Lockling, Gerald. “‘One Hundred Years’ Vitally Alive.” Press-Telegram (Long Beach, CA), April 10, 1970. Newspaper Archive.

Maloney, Russell, and Rosann Smith. “Navy Cook.” New Yorker, March 25, 1944, 21-25. New Yorker Archives.

Marquardt, Steve. “‘Green Havoc’: Panama Disease, Environmental Change, and Labor Process in the Central American Banana Industry.” The American Historical Review 106, no. 1 (2001): 49–80.

May, Stacy and Galo Plaza. The United Fruit Company in Latin America. Washington DC: National Planning Association, 1957.

McCann, Thomas. An American Company: The Tragedy of United Fruit. New York: Crown Publishing, 1976.

M.C.H. “Out of Town.” New Yorker, May 19, 1934, 62. New Yorker Archives.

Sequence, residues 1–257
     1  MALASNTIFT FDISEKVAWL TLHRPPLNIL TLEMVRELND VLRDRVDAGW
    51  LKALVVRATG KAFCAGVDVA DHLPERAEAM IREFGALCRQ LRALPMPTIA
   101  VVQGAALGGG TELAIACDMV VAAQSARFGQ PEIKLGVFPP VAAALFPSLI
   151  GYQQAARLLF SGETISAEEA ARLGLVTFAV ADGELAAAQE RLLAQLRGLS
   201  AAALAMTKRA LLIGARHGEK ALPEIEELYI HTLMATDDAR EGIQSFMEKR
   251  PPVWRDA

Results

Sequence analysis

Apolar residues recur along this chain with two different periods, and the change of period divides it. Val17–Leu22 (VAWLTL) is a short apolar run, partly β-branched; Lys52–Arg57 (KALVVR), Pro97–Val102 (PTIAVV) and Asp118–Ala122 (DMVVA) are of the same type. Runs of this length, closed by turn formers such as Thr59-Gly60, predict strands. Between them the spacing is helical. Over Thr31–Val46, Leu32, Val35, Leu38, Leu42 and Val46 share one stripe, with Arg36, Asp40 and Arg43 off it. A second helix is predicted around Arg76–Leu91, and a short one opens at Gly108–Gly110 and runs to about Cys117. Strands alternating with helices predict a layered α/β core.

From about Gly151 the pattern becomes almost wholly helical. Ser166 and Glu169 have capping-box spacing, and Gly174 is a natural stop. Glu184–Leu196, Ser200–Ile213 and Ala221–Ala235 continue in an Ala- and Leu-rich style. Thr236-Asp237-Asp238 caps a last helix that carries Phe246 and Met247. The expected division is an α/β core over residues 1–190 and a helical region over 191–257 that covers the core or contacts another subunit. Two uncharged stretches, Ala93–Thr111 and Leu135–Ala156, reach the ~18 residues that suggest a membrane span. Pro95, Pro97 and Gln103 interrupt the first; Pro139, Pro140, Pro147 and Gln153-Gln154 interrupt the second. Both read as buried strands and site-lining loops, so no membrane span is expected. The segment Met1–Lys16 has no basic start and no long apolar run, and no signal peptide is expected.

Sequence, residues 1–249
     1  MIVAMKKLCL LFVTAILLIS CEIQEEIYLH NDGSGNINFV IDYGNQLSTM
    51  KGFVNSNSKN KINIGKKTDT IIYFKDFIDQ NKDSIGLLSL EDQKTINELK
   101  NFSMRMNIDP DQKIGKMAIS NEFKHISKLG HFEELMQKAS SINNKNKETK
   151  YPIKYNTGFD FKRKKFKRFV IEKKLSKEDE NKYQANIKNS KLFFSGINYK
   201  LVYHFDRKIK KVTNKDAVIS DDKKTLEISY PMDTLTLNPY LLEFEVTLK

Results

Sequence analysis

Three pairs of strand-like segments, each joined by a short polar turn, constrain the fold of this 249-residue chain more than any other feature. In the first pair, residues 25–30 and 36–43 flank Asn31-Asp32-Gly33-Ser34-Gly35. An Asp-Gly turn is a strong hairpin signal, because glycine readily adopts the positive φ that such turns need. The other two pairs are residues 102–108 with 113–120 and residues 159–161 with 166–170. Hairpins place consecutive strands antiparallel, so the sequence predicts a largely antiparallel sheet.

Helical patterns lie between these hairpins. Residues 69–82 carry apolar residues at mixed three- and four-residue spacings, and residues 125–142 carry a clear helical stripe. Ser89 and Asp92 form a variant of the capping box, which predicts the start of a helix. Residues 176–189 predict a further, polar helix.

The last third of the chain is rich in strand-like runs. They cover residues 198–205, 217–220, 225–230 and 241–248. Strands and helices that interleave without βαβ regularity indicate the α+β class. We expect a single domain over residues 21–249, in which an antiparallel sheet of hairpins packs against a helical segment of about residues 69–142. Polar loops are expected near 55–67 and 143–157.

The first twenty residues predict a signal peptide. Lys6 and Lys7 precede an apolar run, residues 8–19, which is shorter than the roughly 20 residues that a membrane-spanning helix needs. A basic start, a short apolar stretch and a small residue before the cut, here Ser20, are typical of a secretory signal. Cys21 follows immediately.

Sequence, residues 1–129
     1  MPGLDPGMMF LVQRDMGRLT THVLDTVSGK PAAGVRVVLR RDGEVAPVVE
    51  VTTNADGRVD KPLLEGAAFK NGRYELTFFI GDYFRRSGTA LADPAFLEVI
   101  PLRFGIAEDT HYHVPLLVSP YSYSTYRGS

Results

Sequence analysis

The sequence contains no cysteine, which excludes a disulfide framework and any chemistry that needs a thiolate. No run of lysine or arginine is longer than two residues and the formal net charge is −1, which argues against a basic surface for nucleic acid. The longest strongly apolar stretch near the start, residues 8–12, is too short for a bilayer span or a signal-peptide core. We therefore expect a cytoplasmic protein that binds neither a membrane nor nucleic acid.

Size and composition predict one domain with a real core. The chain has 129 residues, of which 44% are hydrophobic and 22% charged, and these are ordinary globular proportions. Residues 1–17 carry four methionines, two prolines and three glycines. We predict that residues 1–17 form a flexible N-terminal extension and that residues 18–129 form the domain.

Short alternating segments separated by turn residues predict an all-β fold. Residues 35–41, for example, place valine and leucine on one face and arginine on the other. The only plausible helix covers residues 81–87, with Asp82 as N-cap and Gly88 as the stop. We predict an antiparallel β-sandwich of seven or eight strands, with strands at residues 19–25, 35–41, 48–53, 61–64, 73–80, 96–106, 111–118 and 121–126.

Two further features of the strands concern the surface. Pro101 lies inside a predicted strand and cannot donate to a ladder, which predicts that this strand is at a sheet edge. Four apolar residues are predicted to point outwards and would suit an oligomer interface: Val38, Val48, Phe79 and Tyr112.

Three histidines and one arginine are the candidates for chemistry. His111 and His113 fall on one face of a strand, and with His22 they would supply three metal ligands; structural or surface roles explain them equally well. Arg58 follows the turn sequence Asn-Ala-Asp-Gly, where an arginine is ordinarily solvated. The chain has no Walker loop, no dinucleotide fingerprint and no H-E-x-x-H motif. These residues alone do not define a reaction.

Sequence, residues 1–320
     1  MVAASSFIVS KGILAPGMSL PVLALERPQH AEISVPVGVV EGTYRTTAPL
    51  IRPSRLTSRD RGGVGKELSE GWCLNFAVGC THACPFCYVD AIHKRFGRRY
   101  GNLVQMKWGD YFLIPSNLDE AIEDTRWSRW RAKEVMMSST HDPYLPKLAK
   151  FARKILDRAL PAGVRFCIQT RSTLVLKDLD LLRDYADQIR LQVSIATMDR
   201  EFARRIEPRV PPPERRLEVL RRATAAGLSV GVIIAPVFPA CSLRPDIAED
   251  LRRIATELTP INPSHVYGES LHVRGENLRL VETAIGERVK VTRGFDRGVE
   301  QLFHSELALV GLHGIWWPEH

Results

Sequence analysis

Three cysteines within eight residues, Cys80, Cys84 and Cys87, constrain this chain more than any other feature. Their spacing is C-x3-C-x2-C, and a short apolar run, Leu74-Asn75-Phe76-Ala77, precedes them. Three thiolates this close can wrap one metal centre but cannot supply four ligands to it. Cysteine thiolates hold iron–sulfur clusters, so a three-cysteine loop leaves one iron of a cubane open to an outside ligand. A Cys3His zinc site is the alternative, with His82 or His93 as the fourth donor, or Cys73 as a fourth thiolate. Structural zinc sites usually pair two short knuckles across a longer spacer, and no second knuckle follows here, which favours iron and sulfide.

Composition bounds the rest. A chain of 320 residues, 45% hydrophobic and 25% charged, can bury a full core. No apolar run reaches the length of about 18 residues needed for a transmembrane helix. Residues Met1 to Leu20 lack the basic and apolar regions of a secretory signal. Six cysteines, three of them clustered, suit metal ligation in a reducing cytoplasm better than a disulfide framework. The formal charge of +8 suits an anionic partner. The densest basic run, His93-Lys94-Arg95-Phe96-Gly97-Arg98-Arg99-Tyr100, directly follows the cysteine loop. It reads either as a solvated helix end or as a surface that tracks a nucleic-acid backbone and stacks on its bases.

Morey, Lindsey. “Blood For Bananas: United Fruit’s Central American Empire.” Washington State University. 2014.

Márquez, Gabriel García. One Hundred Years of Solitude. Translated by Gregory Rabassa. New York, NY: Harper Perennial Modern Classics, 2006.

National Security Council Planning Board. “Report Prepared by the National Security Council Planning Board.” US Department of State Office of the Historian. June 3, 1953.

Pan Am Historical Foundation. “Pan Am Building.” The Pan Am Historical Foundation. Accessed December 21, 2021,

Phillips, R. Hart. “Castro Increasing Pressure on U.S. Sugar Mills in Cuba.” New York Times, April 2, 1960.

Phillips, R. Hart. “Castro’s Victory Lifts Cuba’s Hope.” New York Times, January 14, 1959.

“Price of Bananas Cut, Owing to Poor Trade.” New York Times, March 8, 1931.

Putnam, Lara. The Company They Kept: Migrants and the Politics of Gender in Caribbean Costa Rica, 1870-1960. Chapel Hill: University of North Carolina Press, 2002.

Shragai, Atalia. “Do Bananas Have a Culture? United Fruit Company Colonies in Central America 1900-1960.” Iberoamericana (2001-) 11, no. 42 (2011): 65–82.